Tax administrations, and the OECD, are generally advocates of tax confidentiality, the foundation upon which the Country-by-Country Reporting rules were established.

The reason for that is because tax information includes confidential business information that may also provide strategic details to competitors. Once public, that information is no longer protected by confidentiality provisions that are a necessary component of every tax administration’s policies and procedures.

Where Do We Go From Here?

So now what? Now, we begin from an identical starting point, devoid of unintentional bias as a requisite rule of engagement.

Notwithstanding the obstacles of continuing to engage in discussions around international tax transparency, all stakeholders should strive to present and understand new ideas in an effort to reach a meeting of the minds.

In the process, transparency advocates will hopefully gain a clearer understanding of the complex international tax landscape, as MNEs paint a simpler picture behind the public documentation stage unveiling the complex myriad of unilateral and global tax legislation that is not at all intuitive.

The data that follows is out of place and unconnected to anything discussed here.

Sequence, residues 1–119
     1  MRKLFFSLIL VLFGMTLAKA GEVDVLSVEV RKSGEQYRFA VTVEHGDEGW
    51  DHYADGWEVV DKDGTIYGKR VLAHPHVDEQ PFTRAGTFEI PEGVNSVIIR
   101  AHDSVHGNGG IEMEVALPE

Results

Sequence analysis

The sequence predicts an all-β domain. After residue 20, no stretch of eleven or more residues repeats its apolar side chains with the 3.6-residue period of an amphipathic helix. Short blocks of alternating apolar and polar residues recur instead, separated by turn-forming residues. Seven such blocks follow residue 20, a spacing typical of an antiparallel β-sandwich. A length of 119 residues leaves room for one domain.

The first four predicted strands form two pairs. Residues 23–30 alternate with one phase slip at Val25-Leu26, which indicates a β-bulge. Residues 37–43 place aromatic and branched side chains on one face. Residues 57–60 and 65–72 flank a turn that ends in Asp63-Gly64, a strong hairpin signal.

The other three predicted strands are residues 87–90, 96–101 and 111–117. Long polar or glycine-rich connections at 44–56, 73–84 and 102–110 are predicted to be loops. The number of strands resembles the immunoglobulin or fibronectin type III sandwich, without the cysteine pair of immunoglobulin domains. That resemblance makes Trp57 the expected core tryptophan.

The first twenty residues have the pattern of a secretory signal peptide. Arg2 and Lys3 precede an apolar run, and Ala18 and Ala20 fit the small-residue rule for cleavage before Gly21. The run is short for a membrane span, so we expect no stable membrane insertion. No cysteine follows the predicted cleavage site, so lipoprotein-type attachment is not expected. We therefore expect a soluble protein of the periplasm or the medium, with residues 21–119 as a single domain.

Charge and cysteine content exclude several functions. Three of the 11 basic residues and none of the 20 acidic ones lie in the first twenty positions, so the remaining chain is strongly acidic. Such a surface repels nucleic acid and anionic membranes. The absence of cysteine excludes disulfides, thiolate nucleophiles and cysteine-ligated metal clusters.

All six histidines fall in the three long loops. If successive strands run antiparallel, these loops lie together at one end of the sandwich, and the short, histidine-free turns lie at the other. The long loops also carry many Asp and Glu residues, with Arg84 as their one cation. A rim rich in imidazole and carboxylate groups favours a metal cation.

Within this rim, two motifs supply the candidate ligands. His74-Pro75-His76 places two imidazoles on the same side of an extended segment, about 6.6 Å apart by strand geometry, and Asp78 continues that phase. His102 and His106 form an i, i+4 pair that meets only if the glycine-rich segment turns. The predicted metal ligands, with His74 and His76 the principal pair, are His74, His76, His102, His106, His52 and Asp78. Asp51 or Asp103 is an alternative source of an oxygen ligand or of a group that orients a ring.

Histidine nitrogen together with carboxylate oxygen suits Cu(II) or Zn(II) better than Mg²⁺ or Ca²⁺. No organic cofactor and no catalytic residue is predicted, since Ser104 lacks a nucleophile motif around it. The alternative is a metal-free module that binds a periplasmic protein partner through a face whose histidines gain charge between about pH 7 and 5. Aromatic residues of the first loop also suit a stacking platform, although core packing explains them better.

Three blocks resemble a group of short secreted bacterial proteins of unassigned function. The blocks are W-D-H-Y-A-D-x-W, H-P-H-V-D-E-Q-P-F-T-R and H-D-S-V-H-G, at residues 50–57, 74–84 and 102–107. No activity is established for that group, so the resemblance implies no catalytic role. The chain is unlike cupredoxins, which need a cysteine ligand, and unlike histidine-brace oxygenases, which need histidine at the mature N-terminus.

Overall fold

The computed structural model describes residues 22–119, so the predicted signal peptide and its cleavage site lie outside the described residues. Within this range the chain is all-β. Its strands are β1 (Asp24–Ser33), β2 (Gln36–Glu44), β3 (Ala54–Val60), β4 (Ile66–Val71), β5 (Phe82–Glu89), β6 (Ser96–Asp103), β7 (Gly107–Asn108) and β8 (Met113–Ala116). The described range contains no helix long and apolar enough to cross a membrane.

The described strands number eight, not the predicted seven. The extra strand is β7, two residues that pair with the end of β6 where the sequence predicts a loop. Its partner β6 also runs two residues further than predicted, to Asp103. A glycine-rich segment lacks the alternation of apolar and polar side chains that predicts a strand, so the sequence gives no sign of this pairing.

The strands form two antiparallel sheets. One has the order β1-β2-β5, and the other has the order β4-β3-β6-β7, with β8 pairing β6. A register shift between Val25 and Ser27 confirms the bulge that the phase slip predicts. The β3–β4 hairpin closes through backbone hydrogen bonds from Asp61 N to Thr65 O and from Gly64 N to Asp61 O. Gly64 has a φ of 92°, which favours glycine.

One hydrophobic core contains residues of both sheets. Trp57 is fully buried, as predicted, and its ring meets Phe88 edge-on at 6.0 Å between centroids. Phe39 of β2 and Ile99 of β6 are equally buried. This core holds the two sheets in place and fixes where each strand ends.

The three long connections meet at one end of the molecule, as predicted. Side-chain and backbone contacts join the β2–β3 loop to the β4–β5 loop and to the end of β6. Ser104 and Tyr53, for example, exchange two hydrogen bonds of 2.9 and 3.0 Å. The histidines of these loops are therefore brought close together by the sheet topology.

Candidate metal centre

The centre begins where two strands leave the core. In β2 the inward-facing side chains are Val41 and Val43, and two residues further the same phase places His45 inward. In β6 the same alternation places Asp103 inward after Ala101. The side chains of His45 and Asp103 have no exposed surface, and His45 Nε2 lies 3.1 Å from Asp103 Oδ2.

The goal for us all should be a win-win result, as opposed to a myopic view leading to further debates and intense public exchanges.

This column does not necessarily reflect the opinion of The Bureau of National Affairs, Inc. or its owners.

Author Information
Keith Brockman is a CPA, CGMA, and authors a Best Practices international tax blog at He is a frequent presenter at international tax conferences, having over 30 years of experience as a corporate tax executive. He has served on tax committees in the U.S. and Europe with Tax Executives Institute and Manufacturers Alliance for Productivity and Innovation.

To contact the editors responsible for this story: Rachael Daigle at; Sony Kassam at